The reward for all this work comes from the strong bond of communication and affection that develops between the two cats. Eventually that bond extends to their human companions. Watch the drama unfold, be proud of your success, and enjoy having two little furballs greet you when you arrive home! Now your cat will never be lonely when you’re away.
Looking for second or third cat? Local shelters remain closed to walk-ins as we go to press, but you can still adopt a pet from them. The Riverside County Shelter, the Coachella Valley Animal Campus in Thousand Palms, www.rcdas.org, has many to select from, call (760) 343-3644 with the animal ID number. View more wonderful cats and kittens needing homes at www.kittylandrescue.org, and call (760) 251-2700 for an appointment to meet them. With the proper introduction, one of these wonderful cats or kittens will become a joyful addition to your household.
Below is a partial list of shelters and rescues in the Inland Empire with animals for adoption. You can view most of their animals online in advance of calling. If you cannot adopt, consider making a donation to one of the private rescues that rely on those funds.
COACHELLA VALLEY ANIMAL CAMPUS – This county shelter is closed but you can call for an appointment to adopt. You can view the animals at all 4 Riverside county shelters at www.rcdas.org, and get the ID number of the animal you want to meet. Email them with the animal’s ID number at email@example.com and call (760) 343-3644. Located at 72050 Pet Land Place, Thousand Palms. (Public)
PALM SPRINGS ANIMAL SHELTER – The shelter is closed but you can call for an appointment to adopt. They schedule appointments Wednesday through Monday, closed on Tuesday. View their animals online at www.psanimalsshelter.org, 4575 E. Mesquite Ave, Palm Springs, (760) 416-5718. (Public)
ANIMAL SAMARITANS – The shelter is closed but you can call for an appointment to adopt. View their animals at www.animalsamaritans.org. Email firstname.lastname@example.org to foster. Located at 72307 Ramon Rd, Thousand Palms, (760) 601-3918. (Private)
CALIFORNIA PAWS RESCUE – The shelter is closed but you can call for an appointment to adopt. Located at 73650 Dinah Shore, Palm Desert. View their animals at www.californiapawsrescue.com, (760) 656-8833. (Private)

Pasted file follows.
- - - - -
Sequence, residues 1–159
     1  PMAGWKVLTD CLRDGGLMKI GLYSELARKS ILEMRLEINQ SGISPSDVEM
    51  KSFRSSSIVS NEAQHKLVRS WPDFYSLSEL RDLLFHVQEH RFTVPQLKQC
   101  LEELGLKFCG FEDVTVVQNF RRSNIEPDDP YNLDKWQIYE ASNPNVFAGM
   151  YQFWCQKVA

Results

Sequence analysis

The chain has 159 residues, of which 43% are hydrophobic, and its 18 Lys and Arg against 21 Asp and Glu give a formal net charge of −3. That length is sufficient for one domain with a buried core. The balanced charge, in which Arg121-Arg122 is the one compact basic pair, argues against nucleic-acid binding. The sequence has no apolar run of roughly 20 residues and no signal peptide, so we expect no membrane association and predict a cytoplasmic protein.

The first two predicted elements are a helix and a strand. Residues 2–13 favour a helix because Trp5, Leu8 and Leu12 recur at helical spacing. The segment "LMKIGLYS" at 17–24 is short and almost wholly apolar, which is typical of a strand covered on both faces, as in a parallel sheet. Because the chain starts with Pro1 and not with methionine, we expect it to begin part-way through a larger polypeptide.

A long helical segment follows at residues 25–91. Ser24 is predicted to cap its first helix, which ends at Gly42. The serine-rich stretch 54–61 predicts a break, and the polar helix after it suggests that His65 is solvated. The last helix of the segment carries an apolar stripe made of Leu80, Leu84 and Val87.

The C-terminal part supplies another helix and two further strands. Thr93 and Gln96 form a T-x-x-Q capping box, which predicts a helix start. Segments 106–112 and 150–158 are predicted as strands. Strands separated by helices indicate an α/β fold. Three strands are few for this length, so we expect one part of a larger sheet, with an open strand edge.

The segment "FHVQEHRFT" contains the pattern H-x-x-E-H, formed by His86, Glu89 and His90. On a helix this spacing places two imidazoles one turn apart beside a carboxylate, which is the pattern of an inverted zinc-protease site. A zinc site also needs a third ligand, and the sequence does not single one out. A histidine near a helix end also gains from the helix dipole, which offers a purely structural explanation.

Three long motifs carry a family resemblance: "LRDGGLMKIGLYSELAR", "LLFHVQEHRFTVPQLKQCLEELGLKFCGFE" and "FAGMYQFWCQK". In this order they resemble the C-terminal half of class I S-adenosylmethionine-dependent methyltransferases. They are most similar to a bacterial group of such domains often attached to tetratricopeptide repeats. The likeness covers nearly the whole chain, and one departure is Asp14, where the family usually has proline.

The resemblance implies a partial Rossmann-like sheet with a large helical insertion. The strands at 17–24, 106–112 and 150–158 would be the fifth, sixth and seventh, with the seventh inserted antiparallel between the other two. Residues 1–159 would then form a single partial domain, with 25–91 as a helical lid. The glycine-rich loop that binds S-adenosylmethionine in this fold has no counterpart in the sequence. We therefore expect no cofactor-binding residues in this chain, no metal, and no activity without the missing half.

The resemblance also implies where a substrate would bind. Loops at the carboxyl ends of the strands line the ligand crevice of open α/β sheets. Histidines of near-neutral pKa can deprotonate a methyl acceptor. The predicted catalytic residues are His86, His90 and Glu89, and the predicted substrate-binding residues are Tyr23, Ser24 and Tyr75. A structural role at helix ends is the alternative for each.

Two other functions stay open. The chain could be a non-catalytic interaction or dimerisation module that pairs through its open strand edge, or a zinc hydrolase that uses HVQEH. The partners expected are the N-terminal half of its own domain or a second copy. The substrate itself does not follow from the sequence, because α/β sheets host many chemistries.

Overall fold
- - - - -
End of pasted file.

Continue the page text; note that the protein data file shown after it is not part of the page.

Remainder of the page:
HUMANE SOCIETY OF THE COACHELLA VALLEY – The shelter is closed but you can call for an appointment to adopt a dog or cat. View their animals at www.orphanpet.com. Located at 17825 N. Indian Canyon, Palm Springs, (760) 329-0203. (Private)
KITTYLAND – The shelter is closed so call for an appointment to adopt a cat. Located at 67600 18th Avenue, Desert Hot Springs, www.kittylandrescue.org, (760) 251-2700. (Private)
FOREVER MEOW – Foster based rescue for cats located in Rancho Mirage. Contact them through website www.ForeverMeow.org, or call (760) 335-6767. (Private)
LOVING ALL ANIMALS – The shelter is closed but you can call for an appointment to adopt. Located at 83496 Avenue 51, Coachella, www.lovingallanimals.org, (760) 834-7000. (Private)
MORONGO BASIN HUMANE SOCIETY – Located at 4646 Sun View Rd, Joshua Tree, www.mbhumanesociety.com, call between 11am-4pm for updates (760) 366-3786 (Private)
CITY OF SAN BERNARDINO ANIMAL SHELTER – Shelter is closed but you can call for an appointment to adopt. Hours for adoption 10am – 4pm Tuesday thru Sat. Google “City of San Bernardino Animal Shelter” for website to view animals and get the ID number of the animal you want to meet. Located at 333 Chandler Place, San Bernardino, (909) 384-1304 or (909) 384-7272. (Public)
SAN BERNARDINO COUNTY ANIMAL SHELTER AT DEVORE – Shelter closed but you can call for an appointment to adopt. Call (909) 386-9280 daily between 9am & 5pm. View animals at www.sbcounty.gov/acc and get the ID number of animal you want to meet. Located at 19777 Shelter Way, San Bernardino (Public).
DREAM TEAM ANGELS RESCUE – Foster based rescue located in Grand Terrace/San Bernardino area. Contact them through website www.DreamTeamangelsrescue.com, (360) 688-8884. (Private)